Women at greater risk of heart disease warns Mother Teresa’s Surgeon


Dr Carlos Macaya received worldwide recognition as a cardiovascular surgeon after he operated on the tender heart of Mother Teresa. Now, as the President of the Spanish Heart Foundation, he wages the war on heart disease in Spain.

Spanish women die five per cent more than men from cardiovascular diseases.
Dr Carlos Macaya

Back in 1993, Dr Carlos Macaya was a young Spanish doctor who had started to receive recognition as an expert in the implementation of stents (splints for the heart). Then, one day he received an urgent call from Calcutta requesting that he gets on a plane to India to operate on none other than Mother Teresa.

“Essentially, she had suffered from cardiovascular problems since the early eighties and had already experienced a heart attack in 1991,” Macaya told us. “It seemed that my name had come to the attention of one of her Mexican physicians. I was tremendously honoured to receive such an assignment.”

After this momentous career moment, things for Macaya showed no signs of slowing down. As well as being the President of the Spanish Heart Foundation (FEC), he is also Professor of Cardiology at the Faculty of Medicine of the Complutense University of Madrid and director of the Cardiology Service at the San Carlos Clinical Hospital.

According to the latest report from the National Institute of Statistics, cardiovascular disease remains the leading cause of death in Spain (29.17 per cent), ahead of cancer (27.50 per cent) and diseases of the respiratory system (11.4 per cent). Around 120,000 people die every year in Spain from cardiovascular complications.

 “Interestingly Spain is second only to Japan in terms of having the highest prevalence of hypertension. There is much debate over why this is the case, but my suspicion is it may well have something to do with salt intake.” Macaya explained. “Both nations, after all, consume large quantities of fish. Though we are nominally host to the healthy Mediterranean diet, the reality is more complex: younger generations of Spaniards are increasingly opting for unhealthy fast food.”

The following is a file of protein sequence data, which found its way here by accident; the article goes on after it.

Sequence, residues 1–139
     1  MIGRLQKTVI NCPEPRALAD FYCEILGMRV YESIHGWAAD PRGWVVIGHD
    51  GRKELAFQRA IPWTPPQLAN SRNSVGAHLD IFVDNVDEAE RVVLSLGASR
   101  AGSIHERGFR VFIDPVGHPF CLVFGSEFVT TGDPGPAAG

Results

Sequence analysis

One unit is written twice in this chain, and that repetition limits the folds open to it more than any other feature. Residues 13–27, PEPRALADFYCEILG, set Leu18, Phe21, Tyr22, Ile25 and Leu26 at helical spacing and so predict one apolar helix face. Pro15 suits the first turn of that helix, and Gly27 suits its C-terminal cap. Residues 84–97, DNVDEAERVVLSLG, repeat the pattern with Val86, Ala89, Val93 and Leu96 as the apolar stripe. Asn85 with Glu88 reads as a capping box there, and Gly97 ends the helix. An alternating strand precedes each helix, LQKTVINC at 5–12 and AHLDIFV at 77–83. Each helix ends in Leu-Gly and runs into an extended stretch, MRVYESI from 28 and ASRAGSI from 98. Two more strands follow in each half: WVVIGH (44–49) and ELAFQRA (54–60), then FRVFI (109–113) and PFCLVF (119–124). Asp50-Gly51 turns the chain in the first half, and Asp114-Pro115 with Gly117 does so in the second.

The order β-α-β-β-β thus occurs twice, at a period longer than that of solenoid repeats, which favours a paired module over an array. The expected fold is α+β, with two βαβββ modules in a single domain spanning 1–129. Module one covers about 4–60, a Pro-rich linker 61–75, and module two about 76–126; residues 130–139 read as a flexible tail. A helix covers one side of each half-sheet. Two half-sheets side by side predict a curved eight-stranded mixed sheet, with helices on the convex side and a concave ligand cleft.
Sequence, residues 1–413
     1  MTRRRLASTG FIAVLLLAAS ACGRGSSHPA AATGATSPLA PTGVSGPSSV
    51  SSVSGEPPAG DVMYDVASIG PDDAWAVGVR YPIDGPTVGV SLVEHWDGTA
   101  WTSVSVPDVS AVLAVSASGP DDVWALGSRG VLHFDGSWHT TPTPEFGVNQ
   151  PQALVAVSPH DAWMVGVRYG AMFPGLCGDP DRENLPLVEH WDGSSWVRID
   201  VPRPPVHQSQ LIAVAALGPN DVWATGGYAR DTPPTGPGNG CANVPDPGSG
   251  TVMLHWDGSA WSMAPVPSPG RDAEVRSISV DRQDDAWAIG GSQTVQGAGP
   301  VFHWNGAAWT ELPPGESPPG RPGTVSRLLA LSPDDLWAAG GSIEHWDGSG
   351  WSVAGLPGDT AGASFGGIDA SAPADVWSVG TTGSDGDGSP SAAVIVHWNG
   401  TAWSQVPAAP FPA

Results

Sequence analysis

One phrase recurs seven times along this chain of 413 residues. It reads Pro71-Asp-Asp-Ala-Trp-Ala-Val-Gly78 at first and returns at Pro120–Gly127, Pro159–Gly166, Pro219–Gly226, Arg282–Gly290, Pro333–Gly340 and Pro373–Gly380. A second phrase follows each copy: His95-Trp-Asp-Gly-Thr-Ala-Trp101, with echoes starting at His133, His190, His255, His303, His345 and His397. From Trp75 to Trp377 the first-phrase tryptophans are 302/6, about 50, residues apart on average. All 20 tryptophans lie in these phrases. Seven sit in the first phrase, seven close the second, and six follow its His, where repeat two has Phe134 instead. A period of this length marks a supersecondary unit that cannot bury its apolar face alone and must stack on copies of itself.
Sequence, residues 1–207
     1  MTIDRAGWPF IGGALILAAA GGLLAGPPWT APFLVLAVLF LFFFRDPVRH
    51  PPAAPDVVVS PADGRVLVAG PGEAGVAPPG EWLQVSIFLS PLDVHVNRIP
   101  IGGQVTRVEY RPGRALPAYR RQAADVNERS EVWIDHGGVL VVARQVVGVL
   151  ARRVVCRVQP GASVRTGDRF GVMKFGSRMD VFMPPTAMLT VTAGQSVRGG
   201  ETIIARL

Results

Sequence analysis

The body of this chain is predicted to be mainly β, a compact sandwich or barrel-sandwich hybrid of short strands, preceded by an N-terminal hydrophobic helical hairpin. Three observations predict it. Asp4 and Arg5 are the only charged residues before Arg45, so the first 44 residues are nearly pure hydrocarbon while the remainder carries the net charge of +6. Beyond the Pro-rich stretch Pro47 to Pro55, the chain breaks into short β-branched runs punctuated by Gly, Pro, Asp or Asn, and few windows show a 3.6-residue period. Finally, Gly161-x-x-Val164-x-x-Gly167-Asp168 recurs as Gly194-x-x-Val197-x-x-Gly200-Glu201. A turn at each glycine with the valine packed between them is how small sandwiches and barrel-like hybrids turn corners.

Macaya insists that the Spanish people are aware of the importance of a healthy lifestyle to keep cardiovascular complications at bay, but like many nations, they tend to disregard the advice.

“Good and efficient communication is necessary to eliminate misconceptions, such as the general belief that men die more from cardiovascular disease when the reality is different: Spanish women die five per cent more than men from cardiovascular diseases.”

The heart attack is so often painted as a male problem. It is true that more men die from heart attacks in absolute numbers, but the condition can be more lethal in women as they take longer to request healthcare due to the difficulties they have in identifying it. According to a study presented at the last SEC Congress of the Spanish Society of Cardiology, only 39 per cent of women compared to 57 per cent of men recognize the symptoms of acute myocardial infarction. This indicates the unbalanced communication around heart disease that often promotes the illness as exclusively male. It is a well-known statistic that women are more health conscious and likely to see a medical professional if feeling unwell. This is what makes this disparity in awareness of heart attacks so surprising.

The main purpose of the FEC as stipulated in Statute is “to promote education, the prevention and research of cardiovascular health in civil society, the encouragement and dissemination of cardio-healthy life habits for the Spanish population.”

Macaya maintains that “If cardiovascular disease is the leading cause of death and it can be prevented by more than 80 per cent in terms of premature deaths, it is clear that it is tremendously necessary to act in the field of prevention, and this is our mission.”

Read our full interview with Carlos Macaya here.

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